After browning the meatballs—4 minutes on both sides, maybe—I set them aside on a plate. I then made the sauce by mixing a 2-inch piece of minced ginger, 4 cloves of minced garlic, 1 tbs. ground coriander, 1 tsp. ground cumin (I used garam masala) and 3 tbs. of water in a food processor and blending until I got a runny paste. Add 2 green chiles if you like it hot; I left these out.

I heated up some olive oil in the Dutch oven and added 1 tsp. of cardamom (the recipe calls for 4 whole and 2 crushed cardamom pods); 1 tsp. cumin seeds; 1 tsp. ground cloves (the recipe calls for 4 whole cloves); and a tsp. of ground cinammon (the recipe calls for a 2-inch stick of cinnamon). I sautéed the spices for 2 minutes, and then added 2 chopped onions.

These I fried until golden, then added the ginger paste, and then 1 1/2 cups of good, canned tomatoes-- Jaffrey's recipe calls for 4 fresh tomatoes and 2 cups of water--and ¼ teaspoon of cayenne. I cooked all this over medium high heat until the sauce reduced a little; then I turned the heat to low and stirred in 4 tbs. of plain yogurt and ¾ tsp. salt. I plopped the meatballs unto the sauce and simmered the whole thing on very low heat for 20-25 minutes (raw meatballs take 50-60 minutes).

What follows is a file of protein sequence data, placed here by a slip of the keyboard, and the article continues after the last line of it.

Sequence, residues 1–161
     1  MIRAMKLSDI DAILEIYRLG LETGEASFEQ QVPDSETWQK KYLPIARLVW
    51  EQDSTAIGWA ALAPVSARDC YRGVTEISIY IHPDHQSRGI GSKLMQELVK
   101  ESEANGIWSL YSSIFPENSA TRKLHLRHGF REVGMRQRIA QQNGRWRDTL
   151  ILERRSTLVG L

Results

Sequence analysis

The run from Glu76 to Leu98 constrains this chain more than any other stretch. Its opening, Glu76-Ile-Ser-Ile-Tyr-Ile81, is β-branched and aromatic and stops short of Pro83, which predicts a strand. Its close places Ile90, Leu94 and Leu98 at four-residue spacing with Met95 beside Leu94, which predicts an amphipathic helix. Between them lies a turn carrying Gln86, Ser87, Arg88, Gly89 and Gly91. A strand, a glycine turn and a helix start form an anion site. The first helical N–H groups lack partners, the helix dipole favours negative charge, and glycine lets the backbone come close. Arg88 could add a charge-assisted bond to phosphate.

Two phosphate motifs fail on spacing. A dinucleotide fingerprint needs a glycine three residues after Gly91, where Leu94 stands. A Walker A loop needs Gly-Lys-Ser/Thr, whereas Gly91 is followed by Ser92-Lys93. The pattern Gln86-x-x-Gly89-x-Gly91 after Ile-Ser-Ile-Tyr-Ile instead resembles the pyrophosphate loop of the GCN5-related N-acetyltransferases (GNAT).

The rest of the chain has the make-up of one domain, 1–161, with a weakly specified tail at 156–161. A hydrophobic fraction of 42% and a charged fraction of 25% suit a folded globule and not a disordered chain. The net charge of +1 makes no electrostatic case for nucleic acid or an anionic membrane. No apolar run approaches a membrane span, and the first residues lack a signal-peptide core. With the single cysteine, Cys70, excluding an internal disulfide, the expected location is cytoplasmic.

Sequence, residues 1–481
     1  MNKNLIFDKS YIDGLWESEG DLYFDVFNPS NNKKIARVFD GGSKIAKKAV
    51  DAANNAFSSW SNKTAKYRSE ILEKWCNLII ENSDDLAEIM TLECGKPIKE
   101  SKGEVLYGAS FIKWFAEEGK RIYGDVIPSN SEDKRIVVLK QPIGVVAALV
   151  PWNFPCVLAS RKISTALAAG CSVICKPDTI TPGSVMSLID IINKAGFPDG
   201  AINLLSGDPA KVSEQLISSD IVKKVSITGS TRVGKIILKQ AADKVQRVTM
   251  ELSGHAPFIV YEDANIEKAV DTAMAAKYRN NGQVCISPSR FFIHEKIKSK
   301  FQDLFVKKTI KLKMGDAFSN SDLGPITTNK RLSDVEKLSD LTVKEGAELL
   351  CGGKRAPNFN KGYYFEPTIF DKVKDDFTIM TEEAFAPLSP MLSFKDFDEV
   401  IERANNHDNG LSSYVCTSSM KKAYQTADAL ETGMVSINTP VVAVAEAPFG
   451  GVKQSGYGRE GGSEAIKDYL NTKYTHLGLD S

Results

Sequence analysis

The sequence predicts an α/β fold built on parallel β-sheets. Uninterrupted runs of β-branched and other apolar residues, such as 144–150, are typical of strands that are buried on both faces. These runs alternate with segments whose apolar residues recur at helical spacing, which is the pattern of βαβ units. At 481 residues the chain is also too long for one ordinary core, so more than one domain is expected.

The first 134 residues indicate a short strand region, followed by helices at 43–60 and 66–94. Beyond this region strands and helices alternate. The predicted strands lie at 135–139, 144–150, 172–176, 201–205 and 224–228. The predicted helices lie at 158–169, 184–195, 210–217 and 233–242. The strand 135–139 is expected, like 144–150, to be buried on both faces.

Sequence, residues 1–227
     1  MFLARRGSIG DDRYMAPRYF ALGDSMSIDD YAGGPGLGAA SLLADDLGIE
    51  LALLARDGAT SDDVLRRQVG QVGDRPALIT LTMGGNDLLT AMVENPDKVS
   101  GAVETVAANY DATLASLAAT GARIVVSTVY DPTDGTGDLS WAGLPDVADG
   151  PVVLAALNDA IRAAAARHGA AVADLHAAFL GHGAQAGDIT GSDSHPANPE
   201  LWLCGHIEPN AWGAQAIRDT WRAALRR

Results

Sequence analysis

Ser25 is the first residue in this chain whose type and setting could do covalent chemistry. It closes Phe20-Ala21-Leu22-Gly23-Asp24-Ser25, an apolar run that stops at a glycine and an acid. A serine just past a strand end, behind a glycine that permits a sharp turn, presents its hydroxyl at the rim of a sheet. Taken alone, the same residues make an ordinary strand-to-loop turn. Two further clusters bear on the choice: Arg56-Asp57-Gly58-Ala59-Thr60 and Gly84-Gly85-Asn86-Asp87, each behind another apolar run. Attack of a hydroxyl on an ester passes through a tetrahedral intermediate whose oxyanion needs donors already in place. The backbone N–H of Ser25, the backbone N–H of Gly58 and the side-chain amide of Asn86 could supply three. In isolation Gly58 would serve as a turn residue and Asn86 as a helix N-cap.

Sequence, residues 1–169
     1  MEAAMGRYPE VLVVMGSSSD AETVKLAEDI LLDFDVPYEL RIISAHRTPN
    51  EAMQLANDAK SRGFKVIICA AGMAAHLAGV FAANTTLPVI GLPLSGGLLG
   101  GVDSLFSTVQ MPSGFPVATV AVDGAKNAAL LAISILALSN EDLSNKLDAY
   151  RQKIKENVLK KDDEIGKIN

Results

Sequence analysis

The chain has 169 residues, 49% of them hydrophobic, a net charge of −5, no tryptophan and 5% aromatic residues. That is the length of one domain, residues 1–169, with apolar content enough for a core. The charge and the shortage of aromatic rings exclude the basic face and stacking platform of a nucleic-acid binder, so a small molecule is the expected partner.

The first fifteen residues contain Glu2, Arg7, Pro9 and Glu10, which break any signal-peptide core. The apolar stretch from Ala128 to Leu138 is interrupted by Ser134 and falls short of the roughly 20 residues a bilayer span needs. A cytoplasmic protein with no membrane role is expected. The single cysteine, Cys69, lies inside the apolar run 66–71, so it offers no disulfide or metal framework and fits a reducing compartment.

Friday, January 19, 2007

"Beefy and Beety" or, On Borsch

Behold, my first borsch. Not the first I’ve ever had, of course, but the first one I made all by myself. I tried to make an authentic borsch-—beefy and beety—-and I think I succeeded.